This is a good illustration of the advantage of flown PA over ground stacked PA. As long as the off axis response is good enough to cover the audience with the on axis aimed at the back of the audience you get the benefit of less differential in the distance, and the natural roll off off axis. The higher you can fly the PA the better for minimizing the distance differential.

While I'll probably never see one in real life, this begs a question of the Danley folks about the JH-90. Does the 40º vertical coverage act like 1/2 of an 80º vertical coverage, ie 0º is the on axis hot spot, or is it a tilted down 40º with the real on axis point at -20º?

Mac
Hi Mac,
The J1's horn design is indeed 1/2 of 80 so one can to use all 40 degrees of vertical so that the zero axis is the aimed at the farthest seats and you aren't throwing the top half of the  horn away. It also has a -20 degree down tilt built in as the original idea was the cabinet height would be 20-30' above the listening plane and the back wall was 150-200' back.  Its rarely used in those applications as they immediately found homes in stadiums many times larger but its the same idea.

Thanks

Mike Hedden
Danley Sound Labs, Inc.
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Brad Weber

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Re: 6dB attenuation at multiplying distance by 8.
« Reply #7 on: July 22, 2013, 12:47:54 pm »

This is a good illustration of the advantage of flown PA over ground stacked PA. As long as the off axis response is good enough to cover the audience with the on axis aimed at the back of the audience you get the benefit of less differential in the distance, and the natural roll off off axis. The higher you can fly the PA the better for minimizing the distance differential.
It's also a good example of why not just the nominal coverage but the actual pattern and how it varies with frequency can matter not only off axis but even beyond the nominal pattern.
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Mac Kerr

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Hmmm...
« Reply #8 on: July 22, 2013, 01:04:36 pm »

Hi Mac,
The J1's horn design is indeed 1/2 of 80 so one can to use all 40 degrees of vertical so that the zero axis is the aimed at the farthest seats and you aren't throwing the top half of the  horn away. It also has a -20 degree down tilt built in as the original idea was the cabinet height would be 20-30' above the listening plane and the back wall was 150-200' back.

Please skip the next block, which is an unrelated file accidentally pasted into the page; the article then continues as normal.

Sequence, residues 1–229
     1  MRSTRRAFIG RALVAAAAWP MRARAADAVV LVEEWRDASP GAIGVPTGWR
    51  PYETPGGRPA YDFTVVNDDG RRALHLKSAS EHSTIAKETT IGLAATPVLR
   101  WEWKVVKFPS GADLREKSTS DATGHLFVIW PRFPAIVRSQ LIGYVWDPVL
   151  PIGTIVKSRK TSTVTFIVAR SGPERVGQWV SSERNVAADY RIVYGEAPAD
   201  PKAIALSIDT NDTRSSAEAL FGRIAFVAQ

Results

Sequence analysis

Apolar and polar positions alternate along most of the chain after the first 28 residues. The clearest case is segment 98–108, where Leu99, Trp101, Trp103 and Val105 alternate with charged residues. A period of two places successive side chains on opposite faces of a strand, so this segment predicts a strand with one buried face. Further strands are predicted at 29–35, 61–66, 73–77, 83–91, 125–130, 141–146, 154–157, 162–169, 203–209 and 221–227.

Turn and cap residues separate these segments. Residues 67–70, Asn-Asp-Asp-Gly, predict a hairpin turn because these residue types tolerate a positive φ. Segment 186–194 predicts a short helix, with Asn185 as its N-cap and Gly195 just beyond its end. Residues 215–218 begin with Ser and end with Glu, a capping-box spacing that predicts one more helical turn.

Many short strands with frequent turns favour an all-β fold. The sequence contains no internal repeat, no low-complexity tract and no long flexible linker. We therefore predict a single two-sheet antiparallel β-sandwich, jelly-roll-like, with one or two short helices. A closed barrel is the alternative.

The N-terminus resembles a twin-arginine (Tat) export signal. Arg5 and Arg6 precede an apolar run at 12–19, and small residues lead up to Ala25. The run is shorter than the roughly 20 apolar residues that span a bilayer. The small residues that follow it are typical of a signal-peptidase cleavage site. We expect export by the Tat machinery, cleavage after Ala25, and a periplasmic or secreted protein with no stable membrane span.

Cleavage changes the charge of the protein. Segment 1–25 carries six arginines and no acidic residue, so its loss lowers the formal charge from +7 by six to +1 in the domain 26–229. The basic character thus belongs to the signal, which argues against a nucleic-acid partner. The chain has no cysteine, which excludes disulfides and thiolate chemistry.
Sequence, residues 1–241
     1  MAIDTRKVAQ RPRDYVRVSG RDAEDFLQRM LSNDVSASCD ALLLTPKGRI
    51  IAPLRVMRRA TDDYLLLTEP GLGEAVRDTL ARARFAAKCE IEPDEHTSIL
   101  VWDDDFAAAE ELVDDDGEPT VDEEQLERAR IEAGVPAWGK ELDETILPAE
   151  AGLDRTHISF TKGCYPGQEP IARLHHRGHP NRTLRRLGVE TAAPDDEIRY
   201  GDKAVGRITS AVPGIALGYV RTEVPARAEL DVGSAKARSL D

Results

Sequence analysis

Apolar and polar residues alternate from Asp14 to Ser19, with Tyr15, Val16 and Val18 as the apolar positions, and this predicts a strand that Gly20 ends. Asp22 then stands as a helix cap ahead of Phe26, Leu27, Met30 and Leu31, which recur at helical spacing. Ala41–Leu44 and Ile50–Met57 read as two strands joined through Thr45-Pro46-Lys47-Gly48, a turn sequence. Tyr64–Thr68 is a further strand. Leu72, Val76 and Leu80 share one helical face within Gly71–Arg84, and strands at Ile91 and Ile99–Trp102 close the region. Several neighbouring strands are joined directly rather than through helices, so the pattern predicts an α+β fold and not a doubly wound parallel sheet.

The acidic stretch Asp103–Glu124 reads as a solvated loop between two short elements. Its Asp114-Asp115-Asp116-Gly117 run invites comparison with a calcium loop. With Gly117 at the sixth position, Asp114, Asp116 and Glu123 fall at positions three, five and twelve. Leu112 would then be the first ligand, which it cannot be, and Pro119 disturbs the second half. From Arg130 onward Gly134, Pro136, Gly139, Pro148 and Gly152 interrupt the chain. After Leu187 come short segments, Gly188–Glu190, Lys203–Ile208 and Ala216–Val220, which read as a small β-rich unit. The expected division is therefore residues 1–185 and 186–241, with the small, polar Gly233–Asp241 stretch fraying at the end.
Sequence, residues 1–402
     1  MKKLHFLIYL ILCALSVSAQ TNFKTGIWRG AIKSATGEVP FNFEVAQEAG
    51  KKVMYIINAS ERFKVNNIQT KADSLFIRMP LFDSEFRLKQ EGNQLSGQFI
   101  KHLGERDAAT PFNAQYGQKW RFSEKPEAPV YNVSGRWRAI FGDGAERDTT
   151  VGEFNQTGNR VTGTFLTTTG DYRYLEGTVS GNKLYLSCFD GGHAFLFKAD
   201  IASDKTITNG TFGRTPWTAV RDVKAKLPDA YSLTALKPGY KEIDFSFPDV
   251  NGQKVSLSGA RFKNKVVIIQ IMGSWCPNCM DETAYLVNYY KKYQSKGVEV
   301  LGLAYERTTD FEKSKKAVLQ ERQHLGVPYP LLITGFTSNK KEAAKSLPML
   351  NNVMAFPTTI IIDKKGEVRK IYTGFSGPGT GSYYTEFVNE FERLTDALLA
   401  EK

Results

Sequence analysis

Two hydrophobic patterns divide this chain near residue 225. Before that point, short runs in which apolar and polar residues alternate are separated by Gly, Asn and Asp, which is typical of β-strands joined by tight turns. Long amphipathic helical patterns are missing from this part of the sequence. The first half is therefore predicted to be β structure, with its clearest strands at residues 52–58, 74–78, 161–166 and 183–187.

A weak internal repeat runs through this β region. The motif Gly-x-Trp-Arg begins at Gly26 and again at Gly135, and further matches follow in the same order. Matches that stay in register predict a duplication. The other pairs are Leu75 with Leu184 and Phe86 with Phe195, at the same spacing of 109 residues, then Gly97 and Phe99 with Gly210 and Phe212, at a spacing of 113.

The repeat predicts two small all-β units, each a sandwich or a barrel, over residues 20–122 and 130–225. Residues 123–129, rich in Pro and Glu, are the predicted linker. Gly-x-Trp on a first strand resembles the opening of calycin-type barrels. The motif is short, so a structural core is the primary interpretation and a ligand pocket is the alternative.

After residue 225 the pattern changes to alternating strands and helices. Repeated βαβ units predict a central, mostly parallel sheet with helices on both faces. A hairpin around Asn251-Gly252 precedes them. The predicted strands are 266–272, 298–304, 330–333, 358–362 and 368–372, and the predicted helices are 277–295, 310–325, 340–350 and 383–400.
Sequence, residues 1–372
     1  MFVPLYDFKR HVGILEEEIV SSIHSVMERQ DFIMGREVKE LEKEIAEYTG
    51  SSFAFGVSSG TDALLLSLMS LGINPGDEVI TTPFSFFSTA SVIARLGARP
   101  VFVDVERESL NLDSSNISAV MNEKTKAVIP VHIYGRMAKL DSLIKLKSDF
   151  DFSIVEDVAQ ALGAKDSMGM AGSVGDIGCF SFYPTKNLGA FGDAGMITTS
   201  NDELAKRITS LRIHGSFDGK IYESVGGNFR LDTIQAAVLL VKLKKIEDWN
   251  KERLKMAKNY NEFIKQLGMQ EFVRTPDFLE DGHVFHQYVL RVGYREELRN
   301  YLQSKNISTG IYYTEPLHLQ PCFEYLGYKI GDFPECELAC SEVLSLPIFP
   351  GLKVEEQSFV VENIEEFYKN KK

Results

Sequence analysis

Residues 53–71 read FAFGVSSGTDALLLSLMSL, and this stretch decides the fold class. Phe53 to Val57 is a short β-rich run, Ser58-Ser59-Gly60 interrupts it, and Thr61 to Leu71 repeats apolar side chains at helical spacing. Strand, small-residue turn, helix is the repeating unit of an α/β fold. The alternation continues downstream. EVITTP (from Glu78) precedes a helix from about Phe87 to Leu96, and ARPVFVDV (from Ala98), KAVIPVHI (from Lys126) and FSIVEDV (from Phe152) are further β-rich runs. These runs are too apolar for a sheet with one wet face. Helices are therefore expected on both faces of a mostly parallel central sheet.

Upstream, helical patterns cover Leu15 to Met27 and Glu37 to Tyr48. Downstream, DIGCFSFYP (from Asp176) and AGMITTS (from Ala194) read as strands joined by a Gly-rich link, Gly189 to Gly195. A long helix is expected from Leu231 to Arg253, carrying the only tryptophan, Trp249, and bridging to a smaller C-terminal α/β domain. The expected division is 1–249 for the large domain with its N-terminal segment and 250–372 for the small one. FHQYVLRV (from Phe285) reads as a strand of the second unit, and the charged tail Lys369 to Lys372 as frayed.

OK, I'm confused. Is the highest high frequency output at 0º, or at -20º? You seem to be saying both in your answer.

Mac
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Art Welter

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Re: Hmmm...
« Reply #9 on: July 22, 2013, 02:03:12 pm »

OK, I'm confused. Is the highest high frequency output at 0º, or at -20º? You seem to be saying both in your answer.

Mac
Mac,

The JH-90 nominal coverage pattern is  90° horizontal x 40° vertical (0° on axis, 40° down -6dB).
Wish DSL would just hire me ;^).

The problem with a typical single "constant directivity" source is the  higher you fly it the greater the  disparity between HF and LF  level in the front seating coverage areas.
Since  a single constant directivity source needs to be directed to the most distant coverage area, the upper half of the coverage energy is put in to the reverberant field, or wasted in the outdoor sky.
Products like the DSL DH-60 and JH-90, the EVI-15, JBL's Screenarray series, various Peavey downfiring horns all address that problem to some degree.

Mid 1980's JBL made an "unusual looking" horn similar in concept to EV's Variable Intensity horn which has a more narrow "long throw" upper portion blending to wider "short throw" downfiring section.
The look of that horn gave it an unpopular nickname, can't remember the model number but it seems to be missing from internet history.

Art
« Last Edit: July 22, 2013, 02:09:40 pm by Art Welter »
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Mike Hedden

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Re: Hmmm...
« Reply #10 on: July 22, 2013, 03:50:30 pm »

Mac,

The JH-90 nominal coverage pattern is  90° horizontal x 40° vertical (0° on axis, 40° down -6dB).
Wish DSL would just hire me ;^).

The problem with a typical single "constant directivity" source is the  higher you fly it the greater the  disparity between HF and LF  level in the front seating coverage areas.
Since  a single constant directivity source needs to be directed to the most distant coverage area, the upper half of the coverage energy is put in to the reverberant field, or wasted in the outdoor sky.
Products like the DSL DH-60 and JH-90, the EVI-15, JBL's Screenarray series, various Peavey downfiring horns all address that problem to some degree.

Mid 1980's JBL made an "unusual looking" horn similar in concept to EV's Variable Intensity horn which has a more narrow "long throw" upper portion blending to wider "short throw" downfiring section.
The look of that horn gave it an unpopular nickname, can't remember the model number but it seems to be missing from internet history.

Art
A significant difference is that most all the previous attempts only worked on the HF area. With Synergy Horn technology and Shaded Amplitude Lens Texhnology we are taking this to a much lower frequency.  Physical size of the horn of course playing a huge part as well